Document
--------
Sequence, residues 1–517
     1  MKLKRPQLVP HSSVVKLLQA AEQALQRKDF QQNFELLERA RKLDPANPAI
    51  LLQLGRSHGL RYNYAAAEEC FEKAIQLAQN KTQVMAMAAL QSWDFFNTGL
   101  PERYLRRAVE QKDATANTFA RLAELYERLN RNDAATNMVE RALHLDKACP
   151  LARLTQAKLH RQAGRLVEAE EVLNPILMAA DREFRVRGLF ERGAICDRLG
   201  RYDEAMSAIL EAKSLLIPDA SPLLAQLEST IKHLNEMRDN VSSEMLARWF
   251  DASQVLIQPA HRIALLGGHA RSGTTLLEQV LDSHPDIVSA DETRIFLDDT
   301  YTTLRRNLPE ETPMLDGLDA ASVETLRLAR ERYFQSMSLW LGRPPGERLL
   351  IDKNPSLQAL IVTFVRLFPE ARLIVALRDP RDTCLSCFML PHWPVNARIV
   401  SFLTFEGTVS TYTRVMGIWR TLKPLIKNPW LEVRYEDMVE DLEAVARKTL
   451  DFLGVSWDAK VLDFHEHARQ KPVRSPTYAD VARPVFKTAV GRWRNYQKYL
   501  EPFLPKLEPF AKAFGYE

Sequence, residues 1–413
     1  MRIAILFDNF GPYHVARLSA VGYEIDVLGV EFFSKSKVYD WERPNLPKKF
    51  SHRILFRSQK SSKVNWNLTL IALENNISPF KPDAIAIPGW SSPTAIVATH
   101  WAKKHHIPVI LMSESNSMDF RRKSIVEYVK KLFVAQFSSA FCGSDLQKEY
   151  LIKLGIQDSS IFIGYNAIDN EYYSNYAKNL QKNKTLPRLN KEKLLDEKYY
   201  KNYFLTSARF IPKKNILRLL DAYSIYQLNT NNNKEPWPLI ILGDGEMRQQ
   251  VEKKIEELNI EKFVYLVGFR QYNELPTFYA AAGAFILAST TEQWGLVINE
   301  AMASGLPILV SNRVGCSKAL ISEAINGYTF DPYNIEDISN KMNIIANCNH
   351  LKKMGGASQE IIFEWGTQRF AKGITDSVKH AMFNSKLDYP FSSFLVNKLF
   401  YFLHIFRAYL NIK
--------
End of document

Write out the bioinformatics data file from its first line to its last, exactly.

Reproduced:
Sequence, residues 1–517
     1  MKLKRPQLVP HSSVVKLLQA AEQALQRKDF QQNFELLERA RKLDPANPAI
    51  LLQLGRSHGL RYNYAAAEEC FEKAIQLAQN KTQVMAMAAL QSWDFFNTGL
   101  PERYLRRAVE QKDATANTFA RLAELYERLN RNDAATNMVE RALHLDKACP
   151  LARLTQAKLH RQAGRLVEAE EVLNPILMAA DREFRVRGLF ERGAICDRLG
   201  RYDEAMSAIL EAKSLLIPDA SPLLAQLEST IKHLNEMRDN VSSEMLARWF
   251  DASQVLIQPA HRIALLGGHA RSGTTLLEQV LDSHPDIVSA DETRIFLDDT
   301  YTTLRRNLPE ETPMLDGLDA ASVETLRLAR ERYFQSMSLW LGRPPGERLL
   351  IDKNPSLQAL IVTFVRLFPE ARLIVALRDP RDTCLSCFML PHWPVNARIV
   401  SFLTFEGTVS TYTRVMGIWR TLKPLIKNPW LEVRYEDMVE DLEAVARKTL
   451  DFLGVSWDAK VLDFHEHARQ KPVRSPTYAD VARPVFKTAV GRWRNYQKYL
   501  EPFLPKLEPF AKAFGYE

Sequence, residues 1–413
     1  MRIAILFDNF GPYHVARLSA VGYEIDVLGV EFFSKSKVYD WERPNLPKKF
    51  SHRILFRSQK SSKVNWNLTL IALENNISPF KPDAIAIPGW SSPTAIVATH
   101  WAKKHHIPVI LMSESNSMDF RRKSIVEYVK KLFVAQFSSA FCGSDLQKEY
   151  LIKLGIQDSS IFIGYNAIDN EYYSNYAKNL QKNKTLPRLN KEKLLDEKYY
   201  KNYFLTSARF IPKKNILRLL DAYSIYQLNT NNNKEPWPLI ILGDGEMRQQ
   251  VEKKIEELNI EKFVYLVGFR QYNELPTFYA AAGAFILAST TEQWGLVINE
   301  AMASGLPILV SNRVGCSKAL ISEAINGYTF DPYNIEDISN KMNIIANCNH
   351  LKKMGGASQE IIFEWGTQRF AKGITDSVKH AMFNSKLDYP FSSFLVNKLF
   401  YFLHIFRAYL NIK